Australia should adopt the Global Compact on Migration

Uniting Church in Australia President Dr Deidre Palmer has joined faith leaders and advocacy groups in calling on the Australian Government not to step away from the Global Compact on Migration (GCM).

Prime Minister Scott Morrison has indicated Australia would not sign on to the agreement which aims to address migration issues in a “safe, orderly and regular” way by improving co-operation between countries. All countries in the Asia-Pacific region will be signatories with the exception of Australia.

The Uniting Church in Australia Assembly is one of 34 organisations signed on to a letter asking the Government to reconsider.

Dr Palmer said the Government’s decision to back away from the agreement was out of step with the rest of the world.

“The Global Compact is a historic opportunity for global co-operation on international migration. It upholds the rights of people involved in migration but at the same time recognises the right of sovereign states to set their own policies.”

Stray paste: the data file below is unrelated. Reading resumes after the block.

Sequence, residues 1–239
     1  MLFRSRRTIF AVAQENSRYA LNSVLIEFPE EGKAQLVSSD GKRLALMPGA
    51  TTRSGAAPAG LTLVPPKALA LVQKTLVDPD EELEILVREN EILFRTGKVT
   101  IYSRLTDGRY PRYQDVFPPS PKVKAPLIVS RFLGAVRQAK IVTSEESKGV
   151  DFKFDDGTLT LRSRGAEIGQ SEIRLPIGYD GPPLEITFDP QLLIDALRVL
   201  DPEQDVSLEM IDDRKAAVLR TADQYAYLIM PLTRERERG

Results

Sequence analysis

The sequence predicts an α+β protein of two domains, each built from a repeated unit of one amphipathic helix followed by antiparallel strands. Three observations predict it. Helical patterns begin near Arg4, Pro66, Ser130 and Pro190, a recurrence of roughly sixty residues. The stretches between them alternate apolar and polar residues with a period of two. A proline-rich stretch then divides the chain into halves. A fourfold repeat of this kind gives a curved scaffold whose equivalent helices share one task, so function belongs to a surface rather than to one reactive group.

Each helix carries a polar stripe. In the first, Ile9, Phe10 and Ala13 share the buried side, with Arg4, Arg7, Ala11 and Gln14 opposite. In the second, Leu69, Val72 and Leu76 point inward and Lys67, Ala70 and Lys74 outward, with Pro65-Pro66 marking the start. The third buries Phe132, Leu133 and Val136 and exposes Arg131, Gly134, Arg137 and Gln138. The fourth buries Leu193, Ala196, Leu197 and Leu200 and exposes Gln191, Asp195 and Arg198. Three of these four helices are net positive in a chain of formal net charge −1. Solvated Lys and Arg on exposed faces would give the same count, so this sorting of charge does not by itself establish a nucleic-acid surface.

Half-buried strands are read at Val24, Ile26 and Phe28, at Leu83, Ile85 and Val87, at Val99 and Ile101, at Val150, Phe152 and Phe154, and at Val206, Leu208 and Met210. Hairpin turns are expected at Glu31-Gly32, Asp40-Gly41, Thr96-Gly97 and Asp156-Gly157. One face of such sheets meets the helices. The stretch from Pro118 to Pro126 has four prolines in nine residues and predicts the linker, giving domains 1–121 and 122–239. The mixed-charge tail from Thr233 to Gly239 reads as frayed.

“In backing away from the Global Compact, our government is reducing our ability to work constructively to find solutions for people on the move.”

The GCM will be adopted by over 180 UN member states at an intergovernmental conference in Marrakech, Morocco on the 10-11 December.

Jesuit Refugee Service (JRS) Australia’s Director Carolina Gottardo, who was present at various consultations and negotiations for the Compact, said no country could address migration on its own.

“Adopting the Global Compact on Migration is the right thing to do if we want to fulfil our humanitarian obligations and improve our cooperation with states in the Asia Pacific region and beyond,” Carolina said.

Other signatories include the Refugee Council of Australia (RCOA), the Federation of Ethnic Community Councils of Australia (FECCA) and the Australian Council of Social Service (ACOSS).